A "no mercy" strategy by HM Revenue & Customs since 2005 has resulted in a significant uplift in revenues clawed back from tax evaders, but concerns have been raised over its "draconian powers" and a "disproportionate" amount of resources being spent investigating smaller companies.
The accountancy firm UHY Hacker Young said that HMRC had managed to collect some £39.5bn through its tax enquiries and other compliance work since the organisation came into existence five years ago, following the merger between HM Customs & Excise and the Inland Revenue.
In the latest year to 31 March 2009, HMRC grew the amount retrieved by tax investigations by a total of 7 per cent to £12.1bn, compared to the previous year, although this figure represents a 64 per cent leap on the revenues retrieved in the organisation's first year from April 2005.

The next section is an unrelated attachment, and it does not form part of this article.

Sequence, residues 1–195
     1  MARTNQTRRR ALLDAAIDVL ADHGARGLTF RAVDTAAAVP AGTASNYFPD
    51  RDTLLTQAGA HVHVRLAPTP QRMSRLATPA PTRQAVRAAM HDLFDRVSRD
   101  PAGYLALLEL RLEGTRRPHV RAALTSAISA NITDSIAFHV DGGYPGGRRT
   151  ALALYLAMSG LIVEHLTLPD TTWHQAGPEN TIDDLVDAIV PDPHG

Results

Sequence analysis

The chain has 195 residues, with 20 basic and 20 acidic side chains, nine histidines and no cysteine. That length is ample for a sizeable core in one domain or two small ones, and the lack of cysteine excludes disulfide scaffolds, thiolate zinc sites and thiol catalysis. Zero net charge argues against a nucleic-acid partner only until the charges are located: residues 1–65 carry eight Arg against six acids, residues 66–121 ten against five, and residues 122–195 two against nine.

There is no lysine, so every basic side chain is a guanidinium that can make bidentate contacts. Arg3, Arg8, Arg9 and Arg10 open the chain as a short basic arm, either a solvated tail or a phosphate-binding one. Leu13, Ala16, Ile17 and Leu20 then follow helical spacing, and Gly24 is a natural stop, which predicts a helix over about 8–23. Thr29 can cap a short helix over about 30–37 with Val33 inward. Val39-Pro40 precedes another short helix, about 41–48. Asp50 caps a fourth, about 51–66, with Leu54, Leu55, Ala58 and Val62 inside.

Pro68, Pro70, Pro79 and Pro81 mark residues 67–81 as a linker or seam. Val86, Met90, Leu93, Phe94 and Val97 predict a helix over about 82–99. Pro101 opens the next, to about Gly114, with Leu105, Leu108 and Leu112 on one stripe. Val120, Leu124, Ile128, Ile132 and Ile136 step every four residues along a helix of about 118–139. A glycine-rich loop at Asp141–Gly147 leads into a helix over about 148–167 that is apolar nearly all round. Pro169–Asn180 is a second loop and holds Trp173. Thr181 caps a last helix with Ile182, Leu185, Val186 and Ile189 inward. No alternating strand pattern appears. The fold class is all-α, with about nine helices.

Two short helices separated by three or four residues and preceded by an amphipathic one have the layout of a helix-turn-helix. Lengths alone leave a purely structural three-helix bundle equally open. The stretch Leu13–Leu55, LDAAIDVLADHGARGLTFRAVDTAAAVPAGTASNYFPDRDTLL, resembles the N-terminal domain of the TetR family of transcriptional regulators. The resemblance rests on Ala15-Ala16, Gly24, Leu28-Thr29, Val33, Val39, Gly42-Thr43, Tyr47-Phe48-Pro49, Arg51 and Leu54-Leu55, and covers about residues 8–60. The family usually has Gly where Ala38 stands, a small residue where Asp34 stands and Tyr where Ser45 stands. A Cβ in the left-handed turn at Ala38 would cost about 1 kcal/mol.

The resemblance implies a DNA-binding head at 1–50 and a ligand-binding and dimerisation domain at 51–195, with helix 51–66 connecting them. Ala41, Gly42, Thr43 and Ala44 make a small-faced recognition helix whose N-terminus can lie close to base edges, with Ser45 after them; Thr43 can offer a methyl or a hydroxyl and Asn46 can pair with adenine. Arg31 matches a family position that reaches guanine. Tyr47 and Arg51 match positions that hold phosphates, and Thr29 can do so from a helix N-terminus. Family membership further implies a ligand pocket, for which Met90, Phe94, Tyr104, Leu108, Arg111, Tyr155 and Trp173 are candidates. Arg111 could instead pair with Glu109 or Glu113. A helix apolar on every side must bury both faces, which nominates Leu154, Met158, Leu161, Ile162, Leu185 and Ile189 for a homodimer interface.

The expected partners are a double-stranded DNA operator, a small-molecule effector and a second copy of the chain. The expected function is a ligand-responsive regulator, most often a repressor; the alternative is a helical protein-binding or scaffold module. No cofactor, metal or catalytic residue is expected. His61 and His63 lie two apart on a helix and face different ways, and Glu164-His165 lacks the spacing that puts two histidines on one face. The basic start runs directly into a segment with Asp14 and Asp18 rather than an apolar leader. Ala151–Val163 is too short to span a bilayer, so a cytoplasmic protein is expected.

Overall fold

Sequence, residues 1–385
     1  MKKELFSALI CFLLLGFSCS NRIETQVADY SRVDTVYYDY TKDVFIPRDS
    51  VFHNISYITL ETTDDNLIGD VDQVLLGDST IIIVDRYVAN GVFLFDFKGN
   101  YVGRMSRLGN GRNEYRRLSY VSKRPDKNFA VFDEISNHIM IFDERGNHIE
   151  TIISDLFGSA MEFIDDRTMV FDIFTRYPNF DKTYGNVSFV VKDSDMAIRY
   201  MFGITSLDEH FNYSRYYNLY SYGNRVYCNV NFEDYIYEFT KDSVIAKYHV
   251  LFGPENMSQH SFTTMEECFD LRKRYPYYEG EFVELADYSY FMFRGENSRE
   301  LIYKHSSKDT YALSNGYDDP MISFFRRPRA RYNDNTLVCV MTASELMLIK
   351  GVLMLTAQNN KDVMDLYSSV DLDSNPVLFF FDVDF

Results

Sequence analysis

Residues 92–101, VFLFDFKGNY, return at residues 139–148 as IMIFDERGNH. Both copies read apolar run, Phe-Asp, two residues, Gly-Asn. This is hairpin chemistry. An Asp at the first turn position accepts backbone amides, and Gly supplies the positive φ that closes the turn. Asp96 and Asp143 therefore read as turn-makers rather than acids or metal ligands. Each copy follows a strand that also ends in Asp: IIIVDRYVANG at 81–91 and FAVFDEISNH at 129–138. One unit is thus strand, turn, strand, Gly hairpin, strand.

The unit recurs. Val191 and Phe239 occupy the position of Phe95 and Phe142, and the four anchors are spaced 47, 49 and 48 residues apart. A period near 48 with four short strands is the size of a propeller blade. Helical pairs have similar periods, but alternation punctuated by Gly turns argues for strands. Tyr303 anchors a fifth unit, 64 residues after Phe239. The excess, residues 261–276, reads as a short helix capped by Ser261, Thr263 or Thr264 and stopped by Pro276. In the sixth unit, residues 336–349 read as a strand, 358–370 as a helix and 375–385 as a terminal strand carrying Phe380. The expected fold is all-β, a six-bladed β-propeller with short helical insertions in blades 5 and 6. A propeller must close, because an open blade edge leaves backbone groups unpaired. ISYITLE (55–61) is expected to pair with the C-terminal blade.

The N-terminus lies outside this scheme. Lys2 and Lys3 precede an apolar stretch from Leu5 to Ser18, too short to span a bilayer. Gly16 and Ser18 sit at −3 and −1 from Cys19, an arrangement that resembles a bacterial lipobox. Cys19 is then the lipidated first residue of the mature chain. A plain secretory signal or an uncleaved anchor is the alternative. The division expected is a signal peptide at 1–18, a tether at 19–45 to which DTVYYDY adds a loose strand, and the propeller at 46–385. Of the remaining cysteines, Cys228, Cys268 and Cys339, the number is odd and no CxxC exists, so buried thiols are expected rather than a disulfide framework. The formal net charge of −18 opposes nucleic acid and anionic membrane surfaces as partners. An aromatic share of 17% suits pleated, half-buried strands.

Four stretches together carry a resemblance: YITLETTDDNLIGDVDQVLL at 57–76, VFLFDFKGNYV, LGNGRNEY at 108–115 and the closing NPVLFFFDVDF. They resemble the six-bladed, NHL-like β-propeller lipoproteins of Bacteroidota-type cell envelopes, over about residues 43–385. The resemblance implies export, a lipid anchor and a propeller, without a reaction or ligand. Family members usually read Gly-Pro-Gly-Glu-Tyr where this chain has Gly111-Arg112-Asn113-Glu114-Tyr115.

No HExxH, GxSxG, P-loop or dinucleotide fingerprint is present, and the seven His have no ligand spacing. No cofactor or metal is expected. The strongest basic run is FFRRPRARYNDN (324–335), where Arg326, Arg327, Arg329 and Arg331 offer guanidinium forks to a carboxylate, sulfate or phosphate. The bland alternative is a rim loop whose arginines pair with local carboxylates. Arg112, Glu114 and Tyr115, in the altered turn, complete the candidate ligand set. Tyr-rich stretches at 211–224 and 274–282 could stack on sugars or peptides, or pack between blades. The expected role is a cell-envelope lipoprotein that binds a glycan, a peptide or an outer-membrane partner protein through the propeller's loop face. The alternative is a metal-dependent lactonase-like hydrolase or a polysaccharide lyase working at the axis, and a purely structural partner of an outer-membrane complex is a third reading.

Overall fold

UHY Hacker Young attributed this five-year uplift to HMRC continuously seeking "tougher and more intrusive powers" since it was established. It said the extra tax retrieved also reflects the growing number of mistakes made by taxpayers as the system becomes increasingly complicated.
Roy Maugham, tax partner at UHY Hacker Young, said: "The amount of money that HMRC is taking in through compliance work is huge, but this hasn't come without significant costs to innocent taxpayers."